Thursday, Sep. 13 2012 6:00PM
Honor flight takes veterans to their memorial
World War II veterans get expense-paid trip to Washington, D.C.
By Russ Pulley
Five Lee’s Summit World War II veterans were whisked to Washington D.C. Sept. 11 on a flight to visit their national war memorial.
Norman Dawson, Virgil Julian, Jr., George Powell, Arthur Slaughter and Richard Stover were guests of the Heartland Honor Flight which took about 50 veterans from the Kansas City area to Washington, D.C. They were also honored at a luncheon Sept. 9.
“It was very interesting, something I’ll remember for the rest of my life,” Stover said in a telephone interview. “It was one of a kind, that’s what it was.”
Stover, who was a combat with the 25th Infantry Division in the Pacific, said he’d been to Washington on business a couple of times, but that was years before the monument was built.
“It was very impressive,” Stover said, “It even had a special spot for Kilroy.”
That was a pop-culture graffiti that became common during the war, with servicemen writing it and leaving it in unlikely places for its humor. Kilroy was depicted as a bald guy peeking over a wall, fingers clutching and big nose hanging down with the words “Kilroy was here.”
Stover said that as he visited the memorial his thoughts drifted back.
“It made me think of my friends that didn’t make it,” Stover said. “I felt pretty lucky I didn’t get wounded, I contracted malaria but I haven’t had an attack for several years. I hope it’s out of my system.”
He said during a 165-day campaign at Luzon in the Philippines, a buddy was sketching pictures of him and the division as they fought the Japanese. His friend sent him a book with copies when he got back to the states in 1946. “I’ve kept it 60 years,” he said.
While there, the group held a service for veterans who’d signed up for the trip but passed away before the date, he said.
Powell was in the Army’s 5th Division in Italy, where he was a diesel mechanic, but during the Battle of the Bulge he was transferred to infantry training.
“They needed men desperately,” Powell said. “Fortunately the war ended before I finished that training.” He did not have to go into combat.
Especially meaningful for him was having his grandson, a major in the U.S. Air Force working at the Pentagon, meet him and push his wheelchair as they visited the memorials.
“I haven’t seen him in almost 18 years,” Powell said.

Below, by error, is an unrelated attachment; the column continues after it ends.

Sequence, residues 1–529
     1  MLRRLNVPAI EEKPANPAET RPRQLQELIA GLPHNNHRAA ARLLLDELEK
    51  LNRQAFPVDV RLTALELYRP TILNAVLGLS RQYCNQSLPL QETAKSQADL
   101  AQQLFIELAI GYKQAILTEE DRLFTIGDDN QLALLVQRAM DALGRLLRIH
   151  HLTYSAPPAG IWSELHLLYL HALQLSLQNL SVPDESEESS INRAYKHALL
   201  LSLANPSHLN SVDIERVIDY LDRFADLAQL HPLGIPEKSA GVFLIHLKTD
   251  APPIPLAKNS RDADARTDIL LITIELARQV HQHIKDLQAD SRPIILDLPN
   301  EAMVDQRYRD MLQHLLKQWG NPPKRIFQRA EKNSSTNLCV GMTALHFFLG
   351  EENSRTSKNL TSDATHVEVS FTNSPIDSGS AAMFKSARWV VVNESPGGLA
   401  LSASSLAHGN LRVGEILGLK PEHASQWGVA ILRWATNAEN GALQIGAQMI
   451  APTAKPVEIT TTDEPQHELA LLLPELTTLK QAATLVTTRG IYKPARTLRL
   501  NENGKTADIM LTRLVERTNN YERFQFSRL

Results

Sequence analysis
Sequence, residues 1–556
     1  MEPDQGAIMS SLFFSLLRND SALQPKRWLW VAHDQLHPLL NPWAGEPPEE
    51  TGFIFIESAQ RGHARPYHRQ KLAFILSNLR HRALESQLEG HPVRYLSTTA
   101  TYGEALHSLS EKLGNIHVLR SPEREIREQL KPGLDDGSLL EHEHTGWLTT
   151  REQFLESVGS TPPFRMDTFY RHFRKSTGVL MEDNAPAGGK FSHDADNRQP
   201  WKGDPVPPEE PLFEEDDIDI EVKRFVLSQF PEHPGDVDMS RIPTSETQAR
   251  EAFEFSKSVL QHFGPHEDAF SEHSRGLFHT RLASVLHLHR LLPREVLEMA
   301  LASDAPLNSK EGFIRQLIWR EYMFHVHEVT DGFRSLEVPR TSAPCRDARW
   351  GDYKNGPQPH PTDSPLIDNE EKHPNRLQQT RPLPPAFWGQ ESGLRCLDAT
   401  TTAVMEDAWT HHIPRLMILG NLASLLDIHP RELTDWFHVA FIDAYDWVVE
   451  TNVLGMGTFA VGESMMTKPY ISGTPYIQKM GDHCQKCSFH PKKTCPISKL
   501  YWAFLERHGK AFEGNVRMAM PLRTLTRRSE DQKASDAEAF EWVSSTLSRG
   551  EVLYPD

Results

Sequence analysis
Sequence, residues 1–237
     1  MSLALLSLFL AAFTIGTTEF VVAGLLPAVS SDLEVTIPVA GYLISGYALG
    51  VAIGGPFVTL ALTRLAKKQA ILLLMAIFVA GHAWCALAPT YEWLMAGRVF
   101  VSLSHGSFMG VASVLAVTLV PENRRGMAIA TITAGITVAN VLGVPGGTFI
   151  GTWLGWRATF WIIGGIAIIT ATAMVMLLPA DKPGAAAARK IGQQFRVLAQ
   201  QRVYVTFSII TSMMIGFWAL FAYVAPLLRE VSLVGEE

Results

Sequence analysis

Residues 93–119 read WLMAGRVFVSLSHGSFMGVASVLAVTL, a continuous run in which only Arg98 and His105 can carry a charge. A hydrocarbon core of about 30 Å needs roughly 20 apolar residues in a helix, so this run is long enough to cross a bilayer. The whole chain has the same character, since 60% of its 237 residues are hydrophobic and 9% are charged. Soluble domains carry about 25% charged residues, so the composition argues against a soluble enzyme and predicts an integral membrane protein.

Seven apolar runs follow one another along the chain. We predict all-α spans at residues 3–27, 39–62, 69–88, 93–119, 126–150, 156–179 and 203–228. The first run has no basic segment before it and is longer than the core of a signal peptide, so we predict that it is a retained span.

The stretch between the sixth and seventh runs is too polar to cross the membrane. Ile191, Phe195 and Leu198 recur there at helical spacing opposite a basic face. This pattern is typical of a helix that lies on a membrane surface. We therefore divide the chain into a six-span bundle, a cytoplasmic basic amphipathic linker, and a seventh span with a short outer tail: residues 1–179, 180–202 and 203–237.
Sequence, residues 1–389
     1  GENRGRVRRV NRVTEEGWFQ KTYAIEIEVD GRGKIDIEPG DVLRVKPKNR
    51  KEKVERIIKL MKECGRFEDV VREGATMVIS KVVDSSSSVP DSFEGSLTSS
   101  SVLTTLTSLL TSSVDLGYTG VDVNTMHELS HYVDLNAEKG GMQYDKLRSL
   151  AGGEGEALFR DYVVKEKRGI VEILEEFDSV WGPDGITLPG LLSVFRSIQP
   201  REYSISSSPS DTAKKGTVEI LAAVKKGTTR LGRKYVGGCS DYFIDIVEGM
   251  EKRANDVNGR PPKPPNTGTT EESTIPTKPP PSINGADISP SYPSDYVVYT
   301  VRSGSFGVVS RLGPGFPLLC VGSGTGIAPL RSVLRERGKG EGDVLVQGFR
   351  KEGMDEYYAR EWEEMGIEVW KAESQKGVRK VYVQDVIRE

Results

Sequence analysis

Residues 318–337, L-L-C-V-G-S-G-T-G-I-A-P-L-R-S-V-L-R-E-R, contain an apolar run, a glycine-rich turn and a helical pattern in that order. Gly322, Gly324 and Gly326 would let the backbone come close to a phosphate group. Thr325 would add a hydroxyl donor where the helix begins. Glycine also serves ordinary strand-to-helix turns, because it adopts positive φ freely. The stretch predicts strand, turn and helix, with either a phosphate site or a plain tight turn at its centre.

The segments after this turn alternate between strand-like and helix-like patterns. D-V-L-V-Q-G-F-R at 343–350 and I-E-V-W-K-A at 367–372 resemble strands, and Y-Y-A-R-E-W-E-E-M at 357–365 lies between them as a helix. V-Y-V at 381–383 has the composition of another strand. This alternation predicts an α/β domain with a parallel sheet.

Julian was a Naval Aviation Cadet, attending college in Pittsburg, Kansas, but never went overseas, and opted out when the war ended. “Nothing exciting,” he said. But people coming up to him and thanking him for his time in the service and thanking those who fought in the war made him think the time he spent in the Navy was worthwhile. He said he appreciated Bob Paradise, a Rotarian, and other volunteers who donated time to help with the trip. Each veteran had a guardian who traveled with the veterans to assist them if needed.
Dawson couldn’t be reached for comment.
Slaughter, who served on landing craft off the U.S.S. Virgo in the Pacific and on another ship, said the honor flights were a remarkable program. He took part in some of the worst invasions during the war, including Tarawa where there were heavy, heavy casualties. “That was a really bad one, a bad one for the United States and a bad one for the Japanese.”
At Reagan National Airport two fire trucks gave the men a water cannon salute as the jet taxied after landing. As part of the trip they also visited memorials for World War I, Lincoln, the Korean and Vietnam wars, the Air Force, Iwo Jima and Arlington National Cemetery.
The veterans were provided shirts identifying them as part of the honor flight and many other visitors talked to them and thanked them for their service.
“We were paid a lot of honor as living veterans,” Slaughter said.
Nancy Morris, vice regent of the Prairie Chapter of the National Society for Daughters of the Revolution which meets in Lee’s Summit, said the chapter provided volunteers for the luncheon and at the airport in Kansas City. The group has been involved with honor flights for three years.
Veterans of Foreign Wars, the American Legion, and businesses all contribute to the non-profit effort to fly veterans to the Capitol, Morris said.
Morris, of Raymore, said the flights started after Sen. Bob Dole was successful in getting a World War II Memorial built in Washington D.C.
By then many of the war veterans are elderly and couldn’t afford the trip to visit, she said. Honor flights began and the movement soon spread throughout the United States including the Kansas City area.
Her husband Dick Morris also served as a guardian.
As part of the trip they also visited memorials for World War I, Lincoln, the Korean and Vietnam wars, the Air Force, Iwo Jima and Arlington National Cemetery.
Morris said last year there were 25 people met the veterans at the airport as they returned, this year there were 300.
“I’ve been fortunate to stand there and greet them as they come in,” Nancy Morris said. “More than one has told me that ‘After WW I when people came home, they got a ticker-tape parade. We were just sent home. Seeing the memorial means people appreciate me.”
For more information visit www.heartlandhonorflight.org